Expert Guidance to Ensure Business Agility & Top-notch Systems & Software
Make your software, systems, and software organization a source of sustainable competitive advantage in an era characterized by constant change. Cutter’s community of international experts provides a steady stream of alerts, updates, reports, and virtual events to keep your teams on the cutting edge of new developments in software engineering excellence, product management, and enterprise agility.
With twice the product in half the time™ being a generic goal for industry, what exactly is going wrong in today’s industrial environment? What stops or delays improvements in product delivery, despite embracing practices from Lean and Six Sigma? Why does it take years to get a new product out of the manufacturing plant? This Advisor seeks to demystify one of the myths that surrounds Agile product development: the myth that one way to optimize people’s time is to have them work on large batches: design the whole product, build a full prototype, test a full prototype, and design manufacturing only when the prototype passes all tests. The thinking is that this will reduce task-switching, eliminate mistakes, and achieve the desired high utilization of people. By planning the work in phases, we believe we can prevent problems in the phases that follow.
Cutter Consortium Senior Consultants Rick Eagar, Gregory Pankert, Raf Postepski, and Sean Sullivan discuss how the role of a CEO in 2019 is very different from that of a decade ago, primarily because traditional business boundaries are blurring while the pace of business continues to accelerate. The authors explore the changes in the CEO role and propose a new framework to help CEOs map the right strategic direction for their organizations.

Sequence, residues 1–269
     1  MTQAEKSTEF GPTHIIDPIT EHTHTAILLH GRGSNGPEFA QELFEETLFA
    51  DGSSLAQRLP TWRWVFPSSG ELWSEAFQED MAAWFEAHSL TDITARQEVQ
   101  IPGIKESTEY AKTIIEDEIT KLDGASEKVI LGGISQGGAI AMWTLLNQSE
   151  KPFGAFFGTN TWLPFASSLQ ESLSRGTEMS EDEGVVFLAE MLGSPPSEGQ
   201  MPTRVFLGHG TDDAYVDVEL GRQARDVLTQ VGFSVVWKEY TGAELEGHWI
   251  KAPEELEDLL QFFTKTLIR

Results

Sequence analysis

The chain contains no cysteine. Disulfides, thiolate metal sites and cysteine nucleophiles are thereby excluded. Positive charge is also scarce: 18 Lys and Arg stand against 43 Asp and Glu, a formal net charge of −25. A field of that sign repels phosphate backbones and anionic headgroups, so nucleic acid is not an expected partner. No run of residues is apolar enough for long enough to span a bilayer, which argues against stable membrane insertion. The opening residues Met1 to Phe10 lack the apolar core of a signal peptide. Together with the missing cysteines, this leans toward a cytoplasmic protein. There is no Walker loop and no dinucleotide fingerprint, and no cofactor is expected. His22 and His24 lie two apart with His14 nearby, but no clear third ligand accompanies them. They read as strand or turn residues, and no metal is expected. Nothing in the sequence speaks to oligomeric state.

In this, the final Update of the series, we summarize the ideas we have discussed with the goal of leaving you, the business analyst, with a starting point for the application of Agile principles.
One of the keys to a solid architecture is considering how your organization will test it. This is true not only from an end-to-end perspective, but also when considering areas like usability, performance, security, reliability, and resilience. You must make these investments in quality and testing transparent to your stakeholders and help them realize their value proposition.
Agile development is best known in the software world, where projects are easily understood as iterative. But until now, it hasn't been leveraged in developing industrial products. The new Industrial Agile Framework brings the benefits of Agile methods to industrial product development.
In this hour-long webinar, Cutter Consortium Senior Consultant Hubert Smits and Peter Borsella introduce the Industrial Agile Framework — a framework for applying Agile to physical product delivery (for example, cash registers, integrated circuits, cars, or …).
This continuation of my previous Executive Update series encompasses my experience with this method of project management beginning in 1992 and continuing with successive waves of improvements across five different organizations — two in the consulting business and three within university CIO offices. Here in Part IV, we look at metrics V3 and V4.
We cannot measure organizational agility from a simple definition. We must break down this definition into some measurable elements and build a measurement tool around those elements. Luckily for us, many scholars and others have worked on developing such tools. In this Advisor, we explore one of them.